Andrea Ragusa, Calogero Tumminelli and Guido Treves, 1931. https://www.j-italy.org/treves/
Andrea Ragusa was born in Caltagirone in 1896. He was the fifth of seven children. He followed his family during a brief colonial period in Tunis, completing his studies in Italy later on. He fought in the First World War, earning the rank of lieutenant. In 1921 he married Anna von Weiskopf-Weiskoppen, whom he met in Innsbruck at the end of the war. He moved with her to Catania, then to Milan and later to Rome. There he managed a branch of Calogero Tumminelli's publishing company and took part in the founding of the Istituto dell'Enciclopedia Italiana Treccani. He contributed to the fertile and eventful intellectual life that revolved around the company as an administrator and the assistant of the editorial director. Between 1929 and 1931 he directed the international network of bookshops of the Treves-Treccani-Tumminelli publishing group, travelling France, Germany and South America with the task of spreading the products of Italian publishing. In 1931 he moved to New York with the task of gathering support from the Italian-American community for the Treccani encyclopaedic project.
Faced with insurmountable difficulties, he abandoned the enterprise and took over S. F. Vanni, an Italian-American emporium-bookstore, with the goal of turning it into the largest and most popular Italian bookstore in the United States. Ragusa restructured and expanded the catalogue of newspapers, magazines and volumes available, dedicating more space to quality publishing, school books and classics. During the 1930s Ragusa devoted himself to various projects in association with Giuseppe Prezzolini and the Casa Italiana of Columbia University. He supported the creation of a Permanent Exhibition of Italian Books, printed two periodicals for the Casa Italiana, co-managed a book club with the Casa Italiana dedicated to Italian culture, and produced several series of books, some of which were bilingual editions.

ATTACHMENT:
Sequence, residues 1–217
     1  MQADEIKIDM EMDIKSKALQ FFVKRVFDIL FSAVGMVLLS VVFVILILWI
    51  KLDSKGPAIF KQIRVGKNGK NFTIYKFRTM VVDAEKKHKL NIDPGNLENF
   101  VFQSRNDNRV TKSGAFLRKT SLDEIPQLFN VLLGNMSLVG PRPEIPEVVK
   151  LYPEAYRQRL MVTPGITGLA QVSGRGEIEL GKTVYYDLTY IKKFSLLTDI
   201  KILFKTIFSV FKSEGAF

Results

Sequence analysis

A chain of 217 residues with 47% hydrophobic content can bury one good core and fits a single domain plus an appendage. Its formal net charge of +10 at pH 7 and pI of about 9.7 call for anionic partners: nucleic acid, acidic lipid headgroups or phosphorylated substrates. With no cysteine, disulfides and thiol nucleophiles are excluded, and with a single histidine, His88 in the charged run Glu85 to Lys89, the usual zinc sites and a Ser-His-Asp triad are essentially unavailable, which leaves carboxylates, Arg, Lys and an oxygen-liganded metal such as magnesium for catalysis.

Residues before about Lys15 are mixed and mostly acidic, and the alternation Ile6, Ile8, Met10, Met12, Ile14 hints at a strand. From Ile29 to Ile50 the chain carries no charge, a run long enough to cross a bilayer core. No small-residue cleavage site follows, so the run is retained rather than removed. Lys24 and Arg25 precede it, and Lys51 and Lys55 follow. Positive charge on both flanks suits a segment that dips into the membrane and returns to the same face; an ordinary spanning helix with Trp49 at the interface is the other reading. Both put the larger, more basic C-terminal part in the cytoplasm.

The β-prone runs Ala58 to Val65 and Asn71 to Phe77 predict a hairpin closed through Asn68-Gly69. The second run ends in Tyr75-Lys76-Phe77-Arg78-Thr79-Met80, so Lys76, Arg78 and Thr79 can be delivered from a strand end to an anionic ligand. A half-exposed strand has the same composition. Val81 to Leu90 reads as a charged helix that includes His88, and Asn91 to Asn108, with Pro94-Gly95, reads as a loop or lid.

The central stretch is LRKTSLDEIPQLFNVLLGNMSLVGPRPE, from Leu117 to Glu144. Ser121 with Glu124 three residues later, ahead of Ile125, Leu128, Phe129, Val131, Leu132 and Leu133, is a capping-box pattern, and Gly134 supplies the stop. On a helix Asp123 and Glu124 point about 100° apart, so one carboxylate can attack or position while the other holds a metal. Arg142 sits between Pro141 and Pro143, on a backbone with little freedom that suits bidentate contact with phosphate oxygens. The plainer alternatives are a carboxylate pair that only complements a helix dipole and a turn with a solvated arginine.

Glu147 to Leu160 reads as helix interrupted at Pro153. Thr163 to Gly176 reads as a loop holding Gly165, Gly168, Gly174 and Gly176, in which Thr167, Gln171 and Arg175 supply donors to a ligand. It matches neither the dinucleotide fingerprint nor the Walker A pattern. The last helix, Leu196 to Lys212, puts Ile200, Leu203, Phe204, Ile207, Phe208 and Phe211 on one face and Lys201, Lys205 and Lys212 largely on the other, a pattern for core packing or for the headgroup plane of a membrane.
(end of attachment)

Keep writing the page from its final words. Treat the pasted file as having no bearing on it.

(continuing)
After the difficult years of the Second World War, Ragusa resumed his activities under a new name: S.F. Vanni Publishers and Booksellers. The firm was no longer Italian by name: the catalogue was in fact reoriented in a European direction, while the bookshop physically moved from the Italian area of Greenwich Village to the vicinity of Washington Square, near the prestigious Fifth Avenue. In collaboration with scholars such as Mario Pei and Emiliano Peruzzi, Ragusa added new texts for learning French and Spanish to the volumes for teaching Italian. Italian language and culture, however, remained at the heart of the S.F. Vanni editions, with a production of two to four titles per year. Among the most interesting series are 'Casa Italiana Collection of Italian Classics', with facing texts (Dante, Guicciardini, Carducci), and 'Old and New Sheaves', with rare texts by D'Annunzio, Livingston and Pareto.
When Ragusa died in 1974, his daughters Olga and Isa took over the bookshop.
Writer, literary critic, academic, journalist, publisher
Prezzolini, Giuseppe. 1954. L'Italiano inutile. Memorie letterarie di Francia, Italia e America. Milano: Longanesi.
Ragusa, Olga, and Giuseppe Prezzolini. 2001. Gli anni americani di Giuseppe Prezzolini : il Dipartimento d'italiano e la Casa italiana della Columbia University. Firenze: Le Monnier.
Ragusa, Olga, and Paolo Bagnoli. 2004. Andrea Ragusa : editore-libraio italiano a New York dal 1931 al 1974. Firenze: Polistampa - Fondazione Spadolini Nuova antologia.